File Extensions

Even though Windows and macOS sometimes hide them, most files have file extensions, a suffix that starts with a period (.) at the end of their name. For instance, file names for GIFs end with .gif, and file names for JPEGs end with .jpg or .jpeg. When you double-click on a file to open it, your computer uses its file extension to determine which program to launch.

Web browsers, by contrast, rely on media types, formerly known as MIME types, to determine how to display files that live on the web. When you download a file from a web server, that server sends an HTTP header, along with the file itself, indicating the file’s media type. For instance, the media type for a GIF is image/gif, and the media type for a JPEG is image/jpeg. To determine the media type for a file, a web server typically looks at the file’s extension, mapping one to the other.

See for common types.

In a file called, implement a program that prompts the user for the name of a file and then outputs that file’s media type if the file’s name ends, case-insensitively, in any of these suffixes:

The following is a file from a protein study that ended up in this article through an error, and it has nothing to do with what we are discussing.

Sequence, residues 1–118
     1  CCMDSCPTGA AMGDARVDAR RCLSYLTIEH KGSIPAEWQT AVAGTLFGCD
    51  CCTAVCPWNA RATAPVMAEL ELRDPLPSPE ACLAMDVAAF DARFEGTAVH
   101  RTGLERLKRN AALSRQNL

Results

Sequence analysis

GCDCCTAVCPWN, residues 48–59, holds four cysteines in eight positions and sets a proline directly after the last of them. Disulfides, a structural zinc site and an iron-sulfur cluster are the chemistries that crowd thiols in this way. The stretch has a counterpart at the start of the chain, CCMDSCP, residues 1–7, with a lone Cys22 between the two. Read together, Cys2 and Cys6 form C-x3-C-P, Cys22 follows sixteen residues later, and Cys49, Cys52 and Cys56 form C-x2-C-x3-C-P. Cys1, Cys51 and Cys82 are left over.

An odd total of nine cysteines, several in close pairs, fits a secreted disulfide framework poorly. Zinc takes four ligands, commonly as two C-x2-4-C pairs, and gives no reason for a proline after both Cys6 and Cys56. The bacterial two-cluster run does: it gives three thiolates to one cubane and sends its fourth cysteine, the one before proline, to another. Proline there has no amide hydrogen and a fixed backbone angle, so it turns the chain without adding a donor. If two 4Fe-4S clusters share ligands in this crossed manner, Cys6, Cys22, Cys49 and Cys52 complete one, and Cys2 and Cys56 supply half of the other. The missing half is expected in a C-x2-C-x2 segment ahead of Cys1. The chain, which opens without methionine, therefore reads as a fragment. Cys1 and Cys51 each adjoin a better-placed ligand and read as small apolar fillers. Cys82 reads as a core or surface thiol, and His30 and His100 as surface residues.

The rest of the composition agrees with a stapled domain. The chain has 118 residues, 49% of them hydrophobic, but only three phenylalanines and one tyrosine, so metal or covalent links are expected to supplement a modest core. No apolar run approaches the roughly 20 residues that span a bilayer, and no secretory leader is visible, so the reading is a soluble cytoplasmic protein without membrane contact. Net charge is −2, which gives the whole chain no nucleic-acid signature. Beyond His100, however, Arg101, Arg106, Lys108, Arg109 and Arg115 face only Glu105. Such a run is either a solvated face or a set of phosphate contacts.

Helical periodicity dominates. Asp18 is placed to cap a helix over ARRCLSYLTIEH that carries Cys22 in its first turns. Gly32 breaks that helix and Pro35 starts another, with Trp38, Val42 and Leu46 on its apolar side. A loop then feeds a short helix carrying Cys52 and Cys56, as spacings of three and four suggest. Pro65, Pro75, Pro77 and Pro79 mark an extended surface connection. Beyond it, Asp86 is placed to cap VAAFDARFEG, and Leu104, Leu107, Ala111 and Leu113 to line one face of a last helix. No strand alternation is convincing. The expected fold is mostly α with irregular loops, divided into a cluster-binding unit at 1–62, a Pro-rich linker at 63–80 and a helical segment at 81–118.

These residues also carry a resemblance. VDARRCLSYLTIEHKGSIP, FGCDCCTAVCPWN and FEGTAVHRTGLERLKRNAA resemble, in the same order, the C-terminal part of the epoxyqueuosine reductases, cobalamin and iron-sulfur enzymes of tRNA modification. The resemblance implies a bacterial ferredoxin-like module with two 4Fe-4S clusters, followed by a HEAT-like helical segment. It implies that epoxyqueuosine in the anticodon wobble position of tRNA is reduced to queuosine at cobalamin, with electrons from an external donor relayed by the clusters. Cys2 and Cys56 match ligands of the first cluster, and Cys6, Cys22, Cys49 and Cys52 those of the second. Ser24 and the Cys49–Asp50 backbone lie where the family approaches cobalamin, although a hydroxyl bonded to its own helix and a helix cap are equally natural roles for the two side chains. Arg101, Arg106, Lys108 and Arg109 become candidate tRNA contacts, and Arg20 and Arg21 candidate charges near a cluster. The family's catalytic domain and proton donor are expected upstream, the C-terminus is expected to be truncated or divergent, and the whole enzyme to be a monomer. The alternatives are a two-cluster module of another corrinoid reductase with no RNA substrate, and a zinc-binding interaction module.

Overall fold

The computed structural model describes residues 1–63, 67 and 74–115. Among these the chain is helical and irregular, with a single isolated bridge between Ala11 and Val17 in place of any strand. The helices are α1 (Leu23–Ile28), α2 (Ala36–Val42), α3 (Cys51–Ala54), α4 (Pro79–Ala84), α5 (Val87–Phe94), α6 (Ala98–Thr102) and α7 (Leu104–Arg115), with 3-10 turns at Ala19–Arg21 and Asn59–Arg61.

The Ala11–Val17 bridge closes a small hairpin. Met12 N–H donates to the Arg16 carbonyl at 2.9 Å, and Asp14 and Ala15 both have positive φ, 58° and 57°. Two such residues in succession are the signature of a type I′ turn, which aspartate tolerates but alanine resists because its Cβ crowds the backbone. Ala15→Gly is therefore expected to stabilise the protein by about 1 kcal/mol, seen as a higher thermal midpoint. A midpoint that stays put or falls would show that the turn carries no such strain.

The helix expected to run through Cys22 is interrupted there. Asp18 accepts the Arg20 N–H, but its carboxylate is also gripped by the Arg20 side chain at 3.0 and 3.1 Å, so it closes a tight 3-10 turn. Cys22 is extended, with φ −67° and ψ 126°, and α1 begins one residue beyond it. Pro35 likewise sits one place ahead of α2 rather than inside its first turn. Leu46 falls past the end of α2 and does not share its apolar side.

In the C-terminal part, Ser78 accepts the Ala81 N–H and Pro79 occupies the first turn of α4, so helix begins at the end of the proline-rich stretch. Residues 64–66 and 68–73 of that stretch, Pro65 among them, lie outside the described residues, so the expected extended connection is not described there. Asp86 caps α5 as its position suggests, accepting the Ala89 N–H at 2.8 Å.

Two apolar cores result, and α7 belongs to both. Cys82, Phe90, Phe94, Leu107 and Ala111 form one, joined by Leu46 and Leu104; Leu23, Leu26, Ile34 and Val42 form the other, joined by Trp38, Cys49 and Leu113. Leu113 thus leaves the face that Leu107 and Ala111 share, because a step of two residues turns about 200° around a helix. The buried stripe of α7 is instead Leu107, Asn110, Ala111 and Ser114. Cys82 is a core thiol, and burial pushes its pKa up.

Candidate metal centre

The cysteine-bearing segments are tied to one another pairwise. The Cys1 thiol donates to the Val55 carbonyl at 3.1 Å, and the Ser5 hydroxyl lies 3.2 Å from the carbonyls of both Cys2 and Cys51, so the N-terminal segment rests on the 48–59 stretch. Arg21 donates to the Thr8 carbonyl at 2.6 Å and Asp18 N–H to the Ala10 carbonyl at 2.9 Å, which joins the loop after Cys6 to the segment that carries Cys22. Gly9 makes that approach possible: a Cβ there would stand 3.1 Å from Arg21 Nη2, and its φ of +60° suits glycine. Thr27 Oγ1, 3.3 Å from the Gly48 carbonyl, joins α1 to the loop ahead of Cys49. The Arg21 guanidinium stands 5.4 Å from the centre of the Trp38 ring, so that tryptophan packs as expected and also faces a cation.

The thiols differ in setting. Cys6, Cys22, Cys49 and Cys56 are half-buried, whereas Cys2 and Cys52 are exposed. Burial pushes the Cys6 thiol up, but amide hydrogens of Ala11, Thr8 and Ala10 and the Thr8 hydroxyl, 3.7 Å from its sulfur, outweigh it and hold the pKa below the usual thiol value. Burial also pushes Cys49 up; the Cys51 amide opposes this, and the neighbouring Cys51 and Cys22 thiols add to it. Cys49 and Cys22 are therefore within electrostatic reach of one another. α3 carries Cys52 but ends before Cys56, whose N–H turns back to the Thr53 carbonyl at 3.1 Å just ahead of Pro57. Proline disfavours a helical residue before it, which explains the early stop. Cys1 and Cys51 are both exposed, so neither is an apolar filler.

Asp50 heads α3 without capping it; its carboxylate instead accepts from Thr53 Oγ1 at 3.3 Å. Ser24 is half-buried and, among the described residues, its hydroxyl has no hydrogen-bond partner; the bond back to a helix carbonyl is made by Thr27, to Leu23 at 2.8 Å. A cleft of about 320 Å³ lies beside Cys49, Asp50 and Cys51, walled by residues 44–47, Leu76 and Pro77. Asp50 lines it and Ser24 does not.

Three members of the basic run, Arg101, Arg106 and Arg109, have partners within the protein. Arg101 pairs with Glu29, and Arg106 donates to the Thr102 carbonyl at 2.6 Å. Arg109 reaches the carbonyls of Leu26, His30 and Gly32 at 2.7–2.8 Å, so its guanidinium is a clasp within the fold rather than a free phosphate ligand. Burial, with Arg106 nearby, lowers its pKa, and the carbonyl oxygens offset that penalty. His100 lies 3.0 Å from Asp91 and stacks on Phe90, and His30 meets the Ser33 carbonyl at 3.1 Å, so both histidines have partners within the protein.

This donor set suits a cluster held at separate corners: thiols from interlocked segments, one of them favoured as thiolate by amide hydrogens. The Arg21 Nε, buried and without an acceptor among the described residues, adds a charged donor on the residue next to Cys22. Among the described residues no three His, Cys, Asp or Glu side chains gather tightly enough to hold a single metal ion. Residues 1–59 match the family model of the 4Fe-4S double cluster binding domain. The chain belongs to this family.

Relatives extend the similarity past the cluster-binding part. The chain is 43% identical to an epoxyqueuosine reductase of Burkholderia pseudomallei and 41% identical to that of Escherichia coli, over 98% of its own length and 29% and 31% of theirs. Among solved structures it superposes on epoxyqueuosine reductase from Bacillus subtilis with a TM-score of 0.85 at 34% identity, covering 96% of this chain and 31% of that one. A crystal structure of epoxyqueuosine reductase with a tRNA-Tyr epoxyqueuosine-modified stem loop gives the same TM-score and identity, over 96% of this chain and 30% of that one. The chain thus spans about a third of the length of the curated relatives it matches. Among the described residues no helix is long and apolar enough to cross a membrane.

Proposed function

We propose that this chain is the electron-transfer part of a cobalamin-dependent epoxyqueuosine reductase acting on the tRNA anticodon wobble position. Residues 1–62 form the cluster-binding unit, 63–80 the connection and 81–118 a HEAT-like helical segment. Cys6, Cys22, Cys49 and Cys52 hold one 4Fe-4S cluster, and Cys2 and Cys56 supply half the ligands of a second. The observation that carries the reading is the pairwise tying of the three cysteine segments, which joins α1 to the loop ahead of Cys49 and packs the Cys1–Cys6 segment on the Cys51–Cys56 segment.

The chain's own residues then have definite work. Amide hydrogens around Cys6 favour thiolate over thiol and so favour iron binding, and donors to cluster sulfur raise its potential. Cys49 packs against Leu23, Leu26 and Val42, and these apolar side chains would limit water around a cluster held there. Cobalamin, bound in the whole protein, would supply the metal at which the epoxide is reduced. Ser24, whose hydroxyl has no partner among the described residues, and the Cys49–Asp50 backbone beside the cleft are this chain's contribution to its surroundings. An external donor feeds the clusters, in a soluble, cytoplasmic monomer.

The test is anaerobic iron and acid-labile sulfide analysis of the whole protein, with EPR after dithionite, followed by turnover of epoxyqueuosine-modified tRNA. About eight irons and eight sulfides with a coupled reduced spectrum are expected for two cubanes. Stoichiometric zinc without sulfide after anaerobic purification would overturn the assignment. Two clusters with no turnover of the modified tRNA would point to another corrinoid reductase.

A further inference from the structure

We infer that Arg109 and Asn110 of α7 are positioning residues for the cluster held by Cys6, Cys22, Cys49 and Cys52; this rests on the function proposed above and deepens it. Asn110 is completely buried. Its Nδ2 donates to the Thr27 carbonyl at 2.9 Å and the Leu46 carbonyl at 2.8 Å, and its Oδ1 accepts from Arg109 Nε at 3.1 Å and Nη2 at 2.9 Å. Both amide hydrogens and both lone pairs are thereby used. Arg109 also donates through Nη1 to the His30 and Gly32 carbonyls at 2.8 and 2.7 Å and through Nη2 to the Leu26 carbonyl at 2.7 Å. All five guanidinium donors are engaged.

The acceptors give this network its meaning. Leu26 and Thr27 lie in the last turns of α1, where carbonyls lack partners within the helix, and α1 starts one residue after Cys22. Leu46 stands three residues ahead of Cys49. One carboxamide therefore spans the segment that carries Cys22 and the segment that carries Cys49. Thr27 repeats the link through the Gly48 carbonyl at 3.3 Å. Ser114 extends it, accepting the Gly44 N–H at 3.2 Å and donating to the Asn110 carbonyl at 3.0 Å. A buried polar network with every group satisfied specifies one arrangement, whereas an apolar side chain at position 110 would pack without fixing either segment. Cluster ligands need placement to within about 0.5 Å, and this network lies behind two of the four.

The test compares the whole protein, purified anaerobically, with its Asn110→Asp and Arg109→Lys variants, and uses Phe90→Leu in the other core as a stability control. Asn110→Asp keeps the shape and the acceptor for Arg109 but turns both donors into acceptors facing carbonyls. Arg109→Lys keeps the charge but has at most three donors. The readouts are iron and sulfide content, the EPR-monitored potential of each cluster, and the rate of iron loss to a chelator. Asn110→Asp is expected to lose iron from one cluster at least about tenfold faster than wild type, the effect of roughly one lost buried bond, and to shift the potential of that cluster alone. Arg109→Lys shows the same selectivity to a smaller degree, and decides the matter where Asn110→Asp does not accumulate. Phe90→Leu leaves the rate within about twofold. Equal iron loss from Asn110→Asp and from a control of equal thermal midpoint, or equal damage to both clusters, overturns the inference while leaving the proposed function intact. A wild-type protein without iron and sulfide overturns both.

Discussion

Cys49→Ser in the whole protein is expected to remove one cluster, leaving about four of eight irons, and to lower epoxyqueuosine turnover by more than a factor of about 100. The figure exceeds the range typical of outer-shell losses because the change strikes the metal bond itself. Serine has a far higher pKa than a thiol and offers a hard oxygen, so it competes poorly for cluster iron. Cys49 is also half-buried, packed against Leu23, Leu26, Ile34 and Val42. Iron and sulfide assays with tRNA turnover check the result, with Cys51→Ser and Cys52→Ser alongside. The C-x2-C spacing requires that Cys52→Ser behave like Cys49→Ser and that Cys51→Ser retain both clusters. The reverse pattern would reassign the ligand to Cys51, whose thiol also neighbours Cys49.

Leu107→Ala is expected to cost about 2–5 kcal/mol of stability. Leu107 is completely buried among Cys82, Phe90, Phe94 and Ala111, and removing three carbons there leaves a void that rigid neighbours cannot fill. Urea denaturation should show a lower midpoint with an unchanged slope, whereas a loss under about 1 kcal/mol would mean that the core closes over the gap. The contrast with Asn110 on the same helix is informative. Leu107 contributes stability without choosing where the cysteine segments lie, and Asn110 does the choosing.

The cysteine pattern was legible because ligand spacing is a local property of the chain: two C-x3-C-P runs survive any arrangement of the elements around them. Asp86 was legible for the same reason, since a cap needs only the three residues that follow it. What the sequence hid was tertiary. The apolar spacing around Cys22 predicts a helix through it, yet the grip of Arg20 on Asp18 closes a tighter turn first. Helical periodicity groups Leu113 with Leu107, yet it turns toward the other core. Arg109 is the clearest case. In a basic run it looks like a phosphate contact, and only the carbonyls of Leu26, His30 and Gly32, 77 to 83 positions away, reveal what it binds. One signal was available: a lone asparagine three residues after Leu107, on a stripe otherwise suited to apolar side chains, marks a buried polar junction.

• .gif
  • .jpg
  • .jpeg
  • .png
  • .pdf
  • .txt
  • .zip

If the file’s name ends with some other suffix or has no suffix at all, output application/octet-stream instead, which is a common default.



Before You Begin

Log into, click on your terminal window, and execute cd by itself. You should find that your terminal window’s prompt resembles the below:


Next execute

mkdir extensions

to make a folder called extensions in your codespace.

Then execute

cd extensions

to change directories into that folder. You should now see your terminal prompt as extensions/ $. You can now execute


to make a file called where you’ll write your program.

How to Test

Here’s how to test your code manually:

  • Run your program with python Type happy.jpg and press Enter. Your program should output:
  • Run your program with python Type document.pdf and press Enter. Your program should output:

Be sure to test each of the other file formats, vary the casing of your input, and “accidentally” add spaces on either side of your input before pressing enter. Your program should behave as expected, case- and space-insensitively.

You can execute the below to check your code using check50, a program that CS50 will use to test your code when you submit. But be sure to test it yourself as well!

check50 cs50/problems/2022/python/extensions

Green smilies mean your program has passed a test! Red frownies will indicate your program output something unexpected. Visit the URL that check50 outputs to see the input check50 handed to your program, what output it expected, and what output your program actually gave.

How to Submit

In your terminal, execute the below to submit your work.

submit50 cs50/problems/2022/python/extensions